Barry 12.18.08 at 2:30 pm

Warming the liquid helps, particularly the milk. Otherwise, you’ll waste an hour or two of rise time. Of course, if you’re making it hours ahead of time, that doesn’t matter. BTW, I’ve found that letting the hot water run out of the tap until it’s as hot as it’s gonna get is usually hot enough to kill yeast.

My recipe for awsome pancakes/waffles:

Mash up some bananas, and blend them in with the milk, egg *yolks* and applesauce (don’t use oil; use applesauce). If you have any walnuts, pecans, almonds, etc., crush them and mix them in. Whip the egg *whites* to a fluffy merenge (sp?), and fold that in. If you’re making waffles, oil the waffle-maker a bit more than usual, because there is no oil in the batter.


harry b 12.18.08 at 2:37 pm

If you make it the night before it makes no difference whether you warm the water (it just helps the yeast dissolve a little faster). If you make it an hour ahead of time having the liquid lukewarm is good, but you don’t need it any warmer than that.


Deliasmith 12.18.08 at 3:35 pm

True Staffs oatcake eaters buy them ready-made from the oatcake shop. Making your own oatcakes is like making your own pasta – a regrettable necessity if you can’t access a shop (i.e live more than 20 miles from Stoke), otherwise a bourgeois affectation.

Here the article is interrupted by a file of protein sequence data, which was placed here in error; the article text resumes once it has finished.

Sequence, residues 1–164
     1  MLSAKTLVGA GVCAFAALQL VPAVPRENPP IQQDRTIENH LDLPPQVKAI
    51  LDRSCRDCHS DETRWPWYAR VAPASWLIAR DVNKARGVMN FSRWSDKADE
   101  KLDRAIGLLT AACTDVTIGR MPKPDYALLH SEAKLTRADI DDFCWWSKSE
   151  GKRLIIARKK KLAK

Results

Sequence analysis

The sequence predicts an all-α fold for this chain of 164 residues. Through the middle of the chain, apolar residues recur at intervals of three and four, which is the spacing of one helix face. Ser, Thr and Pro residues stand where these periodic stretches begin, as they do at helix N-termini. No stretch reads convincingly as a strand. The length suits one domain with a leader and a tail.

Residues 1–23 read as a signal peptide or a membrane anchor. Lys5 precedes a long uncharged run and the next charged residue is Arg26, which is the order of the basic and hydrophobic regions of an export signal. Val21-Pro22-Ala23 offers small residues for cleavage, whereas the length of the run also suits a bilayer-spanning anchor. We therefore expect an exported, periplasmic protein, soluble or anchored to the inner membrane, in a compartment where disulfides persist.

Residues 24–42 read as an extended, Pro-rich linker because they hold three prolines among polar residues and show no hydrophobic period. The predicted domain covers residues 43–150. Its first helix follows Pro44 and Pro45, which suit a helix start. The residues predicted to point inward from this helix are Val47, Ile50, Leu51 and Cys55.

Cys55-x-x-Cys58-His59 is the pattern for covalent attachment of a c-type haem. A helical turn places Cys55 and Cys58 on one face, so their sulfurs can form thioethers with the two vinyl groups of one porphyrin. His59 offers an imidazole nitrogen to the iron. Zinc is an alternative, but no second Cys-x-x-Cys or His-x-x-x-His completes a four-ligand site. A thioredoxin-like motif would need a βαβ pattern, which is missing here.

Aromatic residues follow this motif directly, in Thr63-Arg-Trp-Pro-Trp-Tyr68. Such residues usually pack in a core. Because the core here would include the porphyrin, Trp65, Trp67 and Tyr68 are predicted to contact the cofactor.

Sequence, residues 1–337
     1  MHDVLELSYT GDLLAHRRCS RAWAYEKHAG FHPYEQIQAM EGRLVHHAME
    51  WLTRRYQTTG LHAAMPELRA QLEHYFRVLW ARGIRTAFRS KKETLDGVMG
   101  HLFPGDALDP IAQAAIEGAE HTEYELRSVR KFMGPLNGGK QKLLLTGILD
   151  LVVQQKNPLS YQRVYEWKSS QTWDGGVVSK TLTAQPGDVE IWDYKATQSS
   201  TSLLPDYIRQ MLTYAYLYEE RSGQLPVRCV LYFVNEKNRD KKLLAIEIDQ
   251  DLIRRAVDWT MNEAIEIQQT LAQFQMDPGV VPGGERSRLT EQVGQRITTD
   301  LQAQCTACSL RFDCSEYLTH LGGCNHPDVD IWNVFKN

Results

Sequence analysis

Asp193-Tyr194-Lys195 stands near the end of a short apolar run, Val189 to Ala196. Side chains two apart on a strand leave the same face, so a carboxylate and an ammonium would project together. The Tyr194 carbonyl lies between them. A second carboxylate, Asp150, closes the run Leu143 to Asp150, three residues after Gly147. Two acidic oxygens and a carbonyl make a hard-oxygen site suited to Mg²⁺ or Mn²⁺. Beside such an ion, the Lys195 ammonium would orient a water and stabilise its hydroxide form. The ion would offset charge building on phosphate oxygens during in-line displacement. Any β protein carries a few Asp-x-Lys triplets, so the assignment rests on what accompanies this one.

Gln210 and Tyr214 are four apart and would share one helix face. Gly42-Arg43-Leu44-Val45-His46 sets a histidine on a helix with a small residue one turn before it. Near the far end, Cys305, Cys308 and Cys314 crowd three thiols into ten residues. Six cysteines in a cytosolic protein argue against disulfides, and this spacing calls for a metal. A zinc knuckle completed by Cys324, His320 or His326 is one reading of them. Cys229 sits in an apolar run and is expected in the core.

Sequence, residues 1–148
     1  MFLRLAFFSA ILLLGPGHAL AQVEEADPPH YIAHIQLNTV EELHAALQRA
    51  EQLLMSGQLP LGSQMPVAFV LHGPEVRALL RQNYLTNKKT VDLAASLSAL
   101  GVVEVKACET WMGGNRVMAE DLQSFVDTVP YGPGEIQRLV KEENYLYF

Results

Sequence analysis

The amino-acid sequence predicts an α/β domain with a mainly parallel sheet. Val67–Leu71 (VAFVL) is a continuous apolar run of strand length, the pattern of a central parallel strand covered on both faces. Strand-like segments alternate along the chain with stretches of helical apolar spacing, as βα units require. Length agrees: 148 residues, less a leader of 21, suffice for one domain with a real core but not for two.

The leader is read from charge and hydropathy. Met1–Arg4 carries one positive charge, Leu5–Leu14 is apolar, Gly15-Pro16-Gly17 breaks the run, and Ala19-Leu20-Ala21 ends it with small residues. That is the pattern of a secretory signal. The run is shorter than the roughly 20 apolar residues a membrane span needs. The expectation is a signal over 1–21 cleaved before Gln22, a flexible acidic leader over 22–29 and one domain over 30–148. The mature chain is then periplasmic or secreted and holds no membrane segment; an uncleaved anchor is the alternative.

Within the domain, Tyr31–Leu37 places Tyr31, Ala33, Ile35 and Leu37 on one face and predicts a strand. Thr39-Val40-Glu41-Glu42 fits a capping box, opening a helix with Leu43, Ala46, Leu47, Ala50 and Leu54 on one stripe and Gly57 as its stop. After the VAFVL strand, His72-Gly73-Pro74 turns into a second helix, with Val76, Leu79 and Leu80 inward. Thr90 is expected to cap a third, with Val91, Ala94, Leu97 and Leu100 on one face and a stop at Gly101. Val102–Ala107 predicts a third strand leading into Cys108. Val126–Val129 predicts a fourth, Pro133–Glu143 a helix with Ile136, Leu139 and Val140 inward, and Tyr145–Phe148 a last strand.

When I was a youth, the best oatcake shop around, Stanley’s, had a larger-than-lifesize painting of a perfect oatcake-based meal propped up in the shop window. Thanks to the artist’s choice of medium – household gloss paint on hardboard – the sausages, bacon, black pudding and fried egg that lay on the oatcake glistened in a hyper-lifelike manner.


jamie 12.18.08 at 5:22 pm

You can get them ready made up here inManchester: in Tesco, no less, which shows how many Stokie expats have moved up the M6.

“You can serve them with butter and syrup (Golden Syrup is best, but maple is fine)”

Sweet fillings? Good lord no. It’s got to be streaky bacon with the rind on and lots of fat. The bacon fat/oatcake interface is the point of the whole thing.


Henry 12.18.08 at 6:22 pm

re: 5, Boswell:

Doctor Johnson proposed to define the word ‘oats’ thus: ‘A grain which in England is generally given to horses, but in Scotland supports the people.’ And I replied: ‘Aye, and that’s why England has such fine horses, and Scotland such fine people.


MisterB 12.20.08 at 12:27 am

We, too, can get oatcakes from Tesco, between Nottingham and Derby.
Jamie – you’re right: streaky bacon and melted cheese, then dipped in the melted bacon fat just to harden the arteries that bit quicker. I’m afraid I have to frown very severely on this butter and Golden Syrup business – it sounds like a decadent southern idea to me. Stanley Matthews must be turning in his grave.
Henry – I hope Dr Johnson, born in Lichfield after all, put Boswell in his place: we “potters” were enjoying bacon and oatcakes whilst the unfortunate Scots were existing on porridge and bloody haggis. No wonder they went in for dour Presbyterianism.